Chris Evans’s Coupé overfloweth
IDON’T like cars that feel overly wide when you get inside them. I don’t like cars that feel fat when you look out over the bonnet once you’ve sat inside them. And I don’t like cars that feel like a giant hand is squishing you from above for no apparent reason. I also don’t like square steering wheels. Nor do I like it when a car’s interior leather trim is so bulky it looks like it’s been stuck on top of the original trim, like a wall that’s been over-papered a thousand times too many.
All of which means I really shouldn’t like the new Aston Martin V8 Vantage, as it is a victim of all of the above. The good news is, other interiors are available. Many, many more interiors. In fact, there are over three million paint, material and trim combinations from which any potential new Aston Martin owner can create their dream car. Just don’t ask whoever spec’d the one I was sent for any help.
Not all the cockpit’s woes can be fixed via a couple of hours and several cups of coffee in the atelier lounge, however. The cheap plasticky indicator stalks are standard and really quite horrible – for an Aston. Although not quite as horrible as the cheap central armrest. Not only is it way too small but its bargain-basement hinging mechanism is so poor that it refuses to open at all unless you give it a hefty yank, as a result of which it almost comes off in your hand. Aston – what on earth are you playing at?
But of course we’ve been here before, although not for a while. Some of the Nineties Aston interiors were equally as Lidl, but then came the good sense, sophistication and quality (ie, sweeping piano-black dashes, elevating info screens and stainless-steel quartz clocks) of the late Noughties/early Teenies Aston cars.
Maybe I’m too old and long in the tooth for the new crowd that AM is looking to attract (with the garish blue leather door inlays!) but I just can’t see the appeal, wherever the new appeal is meant to be. Honestly, it felt like sitting in a gilded Nissan GT-R than something fresh, new and exciting from the legendary and hallowed design studios of Newport Pagnell.
That said, the V8 Vantage’s new super-streamlined looks and all- round body shape are simply to die for. In profile the car, even at a standstill, looks like it’s flying through the air. How the exterior and the interior are even distantly related, I have no idea.
Let me briefly mention that the car is still a wee bit wide from the front and, if you squint, in the wrong light it might look like a cross between a giant MX-5 and a constipated Tesla Model X. And the fact that I have no idea why they did away with the Vantage signature grille from the side.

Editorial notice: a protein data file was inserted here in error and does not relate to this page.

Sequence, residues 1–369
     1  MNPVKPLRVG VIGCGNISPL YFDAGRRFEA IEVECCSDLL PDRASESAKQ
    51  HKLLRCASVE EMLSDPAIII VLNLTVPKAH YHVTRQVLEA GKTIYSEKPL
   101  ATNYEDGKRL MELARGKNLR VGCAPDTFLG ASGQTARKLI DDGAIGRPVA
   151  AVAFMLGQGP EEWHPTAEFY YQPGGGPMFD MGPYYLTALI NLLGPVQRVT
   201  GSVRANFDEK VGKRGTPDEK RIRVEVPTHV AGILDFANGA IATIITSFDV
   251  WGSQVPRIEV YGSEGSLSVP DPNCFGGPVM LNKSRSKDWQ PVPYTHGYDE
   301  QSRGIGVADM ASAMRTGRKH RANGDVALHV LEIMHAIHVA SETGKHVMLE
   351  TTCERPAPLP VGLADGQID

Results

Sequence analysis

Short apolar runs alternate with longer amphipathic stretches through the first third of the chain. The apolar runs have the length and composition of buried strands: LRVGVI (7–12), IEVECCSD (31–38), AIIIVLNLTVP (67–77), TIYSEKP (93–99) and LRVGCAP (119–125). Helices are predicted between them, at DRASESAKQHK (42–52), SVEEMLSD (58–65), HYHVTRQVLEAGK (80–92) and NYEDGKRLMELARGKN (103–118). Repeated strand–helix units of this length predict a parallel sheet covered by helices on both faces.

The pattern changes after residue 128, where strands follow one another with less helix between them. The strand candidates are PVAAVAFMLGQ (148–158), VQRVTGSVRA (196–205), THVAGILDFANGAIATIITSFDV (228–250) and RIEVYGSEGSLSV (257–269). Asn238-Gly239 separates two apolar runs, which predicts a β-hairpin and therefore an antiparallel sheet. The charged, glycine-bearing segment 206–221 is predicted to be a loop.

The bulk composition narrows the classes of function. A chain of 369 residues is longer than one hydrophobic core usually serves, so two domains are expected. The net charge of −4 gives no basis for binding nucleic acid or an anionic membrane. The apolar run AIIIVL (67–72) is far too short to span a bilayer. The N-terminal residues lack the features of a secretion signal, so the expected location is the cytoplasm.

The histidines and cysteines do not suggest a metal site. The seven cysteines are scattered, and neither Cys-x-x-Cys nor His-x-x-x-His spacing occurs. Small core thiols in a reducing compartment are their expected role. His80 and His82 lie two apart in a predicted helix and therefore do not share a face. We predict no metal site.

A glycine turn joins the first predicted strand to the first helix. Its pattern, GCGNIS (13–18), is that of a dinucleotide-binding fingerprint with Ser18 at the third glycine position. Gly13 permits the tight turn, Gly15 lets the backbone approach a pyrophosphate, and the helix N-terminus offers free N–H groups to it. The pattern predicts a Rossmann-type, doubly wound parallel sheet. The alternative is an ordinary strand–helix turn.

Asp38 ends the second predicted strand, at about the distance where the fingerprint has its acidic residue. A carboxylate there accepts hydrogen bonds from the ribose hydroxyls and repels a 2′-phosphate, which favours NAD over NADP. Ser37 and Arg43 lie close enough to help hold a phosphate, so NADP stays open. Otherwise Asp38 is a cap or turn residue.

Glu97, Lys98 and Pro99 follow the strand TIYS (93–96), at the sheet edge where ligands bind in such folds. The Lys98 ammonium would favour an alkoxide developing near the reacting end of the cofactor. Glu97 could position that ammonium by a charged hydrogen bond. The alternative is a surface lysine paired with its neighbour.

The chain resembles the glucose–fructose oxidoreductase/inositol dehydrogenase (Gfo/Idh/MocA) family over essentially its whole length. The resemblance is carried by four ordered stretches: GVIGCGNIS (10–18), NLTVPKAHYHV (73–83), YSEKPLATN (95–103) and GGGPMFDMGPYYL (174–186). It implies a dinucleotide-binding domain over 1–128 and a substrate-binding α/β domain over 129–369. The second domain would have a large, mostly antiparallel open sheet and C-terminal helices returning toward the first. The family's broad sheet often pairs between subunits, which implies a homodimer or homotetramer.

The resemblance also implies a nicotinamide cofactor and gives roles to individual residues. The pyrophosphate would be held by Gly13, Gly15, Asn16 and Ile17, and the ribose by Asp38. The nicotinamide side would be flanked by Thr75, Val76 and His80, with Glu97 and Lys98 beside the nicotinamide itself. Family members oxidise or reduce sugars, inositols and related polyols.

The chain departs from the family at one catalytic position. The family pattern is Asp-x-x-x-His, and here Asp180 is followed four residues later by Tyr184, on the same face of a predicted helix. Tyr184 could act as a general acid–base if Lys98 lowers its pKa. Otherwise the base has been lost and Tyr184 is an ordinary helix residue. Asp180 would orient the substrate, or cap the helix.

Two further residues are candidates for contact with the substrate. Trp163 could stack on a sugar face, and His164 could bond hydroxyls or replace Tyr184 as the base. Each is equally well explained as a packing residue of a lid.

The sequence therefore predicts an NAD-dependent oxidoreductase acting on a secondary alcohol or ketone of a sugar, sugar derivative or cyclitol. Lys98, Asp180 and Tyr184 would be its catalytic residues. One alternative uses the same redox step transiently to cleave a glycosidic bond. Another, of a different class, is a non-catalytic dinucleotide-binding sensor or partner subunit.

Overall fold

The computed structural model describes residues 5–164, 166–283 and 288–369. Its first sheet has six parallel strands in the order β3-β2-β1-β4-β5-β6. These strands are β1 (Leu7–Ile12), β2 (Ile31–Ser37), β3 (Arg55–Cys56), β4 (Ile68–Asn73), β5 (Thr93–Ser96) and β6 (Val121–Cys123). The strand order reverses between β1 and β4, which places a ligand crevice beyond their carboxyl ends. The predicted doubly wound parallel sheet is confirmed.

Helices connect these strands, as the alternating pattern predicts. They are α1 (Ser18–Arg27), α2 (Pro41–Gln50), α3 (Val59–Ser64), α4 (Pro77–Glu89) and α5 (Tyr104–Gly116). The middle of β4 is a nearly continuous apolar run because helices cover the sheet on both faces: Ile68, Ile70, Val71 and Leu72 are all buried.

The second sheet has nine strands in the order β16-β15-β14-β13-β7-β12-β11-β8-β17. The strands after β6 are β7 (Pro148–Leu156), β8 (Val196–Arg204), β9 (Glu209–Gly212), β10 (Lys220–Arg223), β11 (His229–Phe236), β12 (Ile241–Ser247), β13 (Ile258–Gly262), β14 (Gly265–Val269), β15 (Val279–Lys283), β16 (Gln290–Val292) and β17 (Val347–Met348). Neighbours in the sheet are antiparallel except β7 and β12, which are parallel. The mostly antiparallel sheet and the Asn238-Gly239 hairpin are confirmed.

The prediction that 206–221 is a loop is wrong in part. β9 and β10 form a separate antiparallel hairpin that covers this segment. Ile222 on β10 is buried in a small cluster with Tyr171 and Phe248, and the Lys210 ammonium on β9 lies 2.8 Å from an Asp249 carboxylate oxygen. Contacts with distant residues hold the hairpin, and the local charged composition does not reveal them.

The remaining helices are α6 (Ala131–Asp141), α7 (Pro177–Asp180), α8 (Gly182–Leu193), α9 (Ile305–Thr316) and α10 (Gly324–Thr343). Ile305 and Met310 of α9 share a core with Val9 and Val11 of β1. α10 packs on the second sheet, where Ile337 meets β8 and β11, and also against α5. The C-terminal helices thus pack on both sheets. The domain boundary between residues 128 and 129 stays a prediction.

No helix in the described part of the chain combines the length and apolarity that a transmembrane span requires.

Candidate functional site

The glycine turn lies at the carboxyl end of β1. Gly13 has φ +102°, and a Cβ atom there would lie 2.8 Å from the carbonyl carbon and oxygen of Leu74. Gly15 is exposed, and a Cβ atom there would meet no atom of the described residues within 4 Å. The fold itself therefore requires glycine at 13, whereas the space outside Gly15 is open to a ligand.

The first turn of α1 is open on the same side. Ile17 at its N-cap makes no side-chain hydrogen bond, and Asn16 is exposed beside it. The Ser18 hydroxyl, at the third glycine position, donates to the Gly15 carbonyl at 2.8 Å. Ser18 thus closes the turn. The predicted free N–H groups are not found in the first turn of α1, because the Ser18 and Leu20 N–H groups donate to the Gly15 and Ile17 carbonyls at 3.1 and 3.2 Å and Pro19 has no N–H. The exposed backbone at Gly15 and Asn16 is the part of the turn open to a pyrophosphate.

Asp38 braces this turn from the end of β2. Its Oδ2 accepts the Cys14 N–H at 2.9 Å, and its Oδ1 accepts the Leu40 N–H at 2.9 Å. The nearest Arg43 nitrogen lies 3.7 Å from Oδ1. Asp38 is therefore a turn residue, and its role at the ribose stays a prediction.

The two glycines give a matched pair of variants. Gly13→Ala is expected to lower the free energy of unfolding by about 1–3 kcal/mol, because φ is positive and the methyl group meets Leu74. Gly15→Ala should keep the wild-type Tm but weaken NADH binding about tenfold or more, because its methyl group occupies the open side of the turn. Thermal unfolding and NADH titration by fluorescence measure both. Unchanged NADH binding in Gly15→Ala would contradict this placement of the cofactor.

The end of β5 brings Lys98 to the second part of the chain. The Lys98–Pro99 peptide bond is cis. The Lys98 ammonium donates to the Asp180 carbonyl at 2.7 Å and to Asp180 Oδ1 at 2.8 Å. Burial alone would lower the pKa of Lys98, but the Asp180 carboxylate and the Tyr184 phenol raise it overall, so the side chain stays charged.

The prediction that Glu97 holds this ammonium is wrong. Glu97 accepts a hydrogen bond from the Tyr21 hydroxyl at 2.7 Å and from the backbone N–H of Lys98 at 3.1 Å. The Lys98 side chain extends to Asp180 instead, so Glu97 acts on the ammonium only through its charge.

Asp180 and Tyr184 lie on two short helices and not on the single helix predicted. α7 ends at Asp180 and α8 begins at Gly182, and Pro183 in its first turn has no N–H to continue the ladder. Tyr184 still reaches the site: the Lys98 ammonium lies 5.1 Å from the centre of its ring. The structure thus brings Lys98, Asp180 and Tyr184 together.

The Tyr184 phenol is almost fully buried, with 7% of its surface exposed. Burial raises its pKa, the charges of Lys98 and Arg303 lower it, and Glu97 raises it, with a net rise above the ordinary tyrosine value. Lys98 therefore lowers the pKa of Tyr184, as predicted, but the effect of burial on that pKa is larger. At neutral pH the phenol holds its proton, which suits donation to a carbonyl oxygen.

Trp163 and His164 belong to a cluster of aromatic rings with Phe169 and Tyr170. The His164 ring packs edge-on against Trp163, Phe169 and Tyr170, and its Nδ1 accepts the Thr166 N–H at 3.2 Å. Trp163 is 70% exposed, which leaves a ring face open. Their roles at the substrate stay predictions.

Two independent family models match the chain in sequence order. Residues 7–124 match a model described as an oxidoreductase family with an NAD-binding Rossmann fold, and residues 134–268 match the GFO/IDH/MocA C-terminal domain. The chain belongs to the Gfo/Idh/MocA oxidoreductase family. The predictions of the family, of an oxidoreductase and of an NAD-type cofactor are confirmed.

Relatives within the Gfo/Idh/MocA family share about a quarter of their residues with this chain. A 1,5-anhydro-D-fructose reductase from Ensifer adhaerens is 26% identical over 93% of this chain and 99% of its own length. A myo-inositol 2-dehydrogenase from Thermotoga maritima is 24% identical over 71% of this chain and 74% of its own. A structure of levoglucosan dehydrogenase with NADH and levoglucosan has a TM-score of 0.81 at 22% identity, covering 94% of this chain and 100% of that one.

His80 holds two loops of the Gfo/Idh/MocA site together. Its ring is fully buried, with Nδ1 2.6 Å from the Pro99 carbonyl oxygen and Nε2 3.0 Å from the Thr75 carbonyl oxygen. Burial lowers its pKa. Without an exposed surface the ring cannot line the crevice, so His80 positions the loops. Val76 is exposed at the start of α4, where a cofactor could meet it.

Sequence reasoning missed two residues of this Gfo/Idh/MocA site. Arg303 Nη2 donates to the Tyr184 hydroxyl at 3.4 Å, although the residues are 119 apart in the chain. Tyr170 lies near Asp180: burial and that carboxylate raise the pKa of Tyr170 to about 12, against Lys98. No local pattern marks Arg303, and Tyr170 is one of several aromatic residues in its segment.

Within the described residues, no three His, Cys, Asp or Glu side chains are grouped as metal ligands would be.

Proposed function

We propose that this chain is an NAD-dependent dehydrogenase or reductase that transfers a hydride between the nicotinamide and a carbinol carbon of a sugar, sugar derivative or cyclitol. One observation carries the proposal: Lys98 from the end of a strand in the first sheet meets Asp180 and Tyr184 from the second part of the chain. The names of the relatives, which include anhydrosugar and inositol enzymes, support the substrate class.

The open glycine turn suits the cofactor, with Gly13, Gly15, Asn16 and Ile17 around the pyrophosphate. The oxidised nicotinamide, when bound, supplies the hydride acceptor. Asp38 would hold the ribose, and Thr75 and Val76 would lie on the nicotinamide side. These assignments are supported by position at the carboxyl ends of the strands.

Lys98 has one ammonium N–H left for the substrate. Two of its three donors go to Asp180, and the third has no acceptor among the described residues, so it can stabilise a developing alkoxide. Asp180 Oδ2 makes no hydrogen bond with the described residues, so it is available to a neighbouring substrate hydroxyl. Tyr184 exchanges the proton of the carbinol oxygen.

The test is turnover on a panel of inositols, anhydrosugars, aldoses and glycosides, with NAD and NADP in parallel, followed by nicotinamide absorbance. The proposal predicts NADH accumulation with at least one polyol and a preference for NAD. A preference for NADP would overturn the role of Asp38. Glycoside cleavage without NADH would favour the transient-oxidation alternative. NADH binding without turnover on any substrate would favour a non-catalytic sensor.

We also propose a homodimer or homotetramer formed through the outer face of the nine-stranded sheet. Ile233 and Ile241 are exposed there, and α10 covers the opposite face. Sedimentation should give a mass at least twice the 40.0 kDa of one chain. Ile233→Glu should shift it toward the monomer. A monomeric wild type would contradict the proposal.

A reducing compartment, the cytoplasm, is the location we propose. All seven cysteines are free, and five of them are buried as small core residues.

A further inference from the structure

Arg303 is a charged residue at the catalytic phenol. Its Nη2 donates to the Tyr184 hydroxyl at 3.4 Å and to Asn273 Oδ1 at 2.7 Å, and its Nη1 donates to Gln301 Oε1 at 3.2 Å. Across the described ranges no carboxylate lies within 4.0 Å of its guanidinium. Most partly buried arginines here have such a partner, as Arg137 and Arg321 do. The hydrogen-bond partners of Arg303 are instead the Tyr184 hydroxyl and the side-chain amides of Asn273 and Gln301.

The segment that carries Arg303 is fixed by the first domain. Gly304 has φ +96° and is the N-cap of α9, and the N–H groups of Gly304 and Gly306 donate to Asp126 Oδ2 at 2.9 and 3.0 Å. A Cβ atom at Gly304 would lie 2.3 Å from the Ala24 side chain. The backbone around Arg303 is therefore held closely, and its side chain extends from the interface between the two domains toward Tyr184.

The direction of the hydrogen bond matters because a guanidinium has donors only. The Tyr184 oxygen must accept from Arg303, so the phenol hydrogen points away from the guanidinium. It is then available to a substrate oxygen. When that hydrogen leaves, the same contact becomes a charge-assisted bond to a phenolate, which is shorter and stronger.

However, that was me still in disillusioned mode, shortly after escaping that interior horror show.
Because I ended up loving this car. Even though for the first couple of days I didn’t even like driving it. After all, you’re inside when you’re driving and – have I mentioned? – the interior’s a disaster!
But who needs a pretty dashboard when you have near-perfect 50/50 weight distribution? There’s also a monster of a twin-turbo V8 engine. Forget your V12 – this is all you’ll ever need. As soon as you press the start button, the engine gives a throaty roar like an angry wrestler. There’s also Sport Plus and Track modes, which raise the noise levels to awesome and mind-blowing.
The old Vantage had just as much grunt, maybe even a bit more. But it was as nervous and twitchy as an alcoholic wasp with anger issues. You never wanted to plant your right foot in case it all went horribly wrong. In this new model, you sense that you can use all of that considerable power – and feel safe while you’re doing it. Bravo.
AM has fitted its first electronic differential, which can lock up from fully open within milliseconds. This is linked to the stability control system, which reacts almost instantly to your handling needs. The updated chassis design and construction also contribute to increased stability. And the abundance of aluminium allows the chassis to be more robust.
Suddenly I was having such a blast driving the Vantage, I forgot about the earlier irritations.
They market this one as a coupé but effectively what we have here is a hatchback. Another identity loss. But by now I’m beyond caring. By now I’m wishing I was driving this car on a track.
And I’m realising why the new Vantage is so wide, both inside and out. It’s to accommodate its passengers’ enormous grins...
THE BODY SHAPE IS SIMPLY TO DIE FOR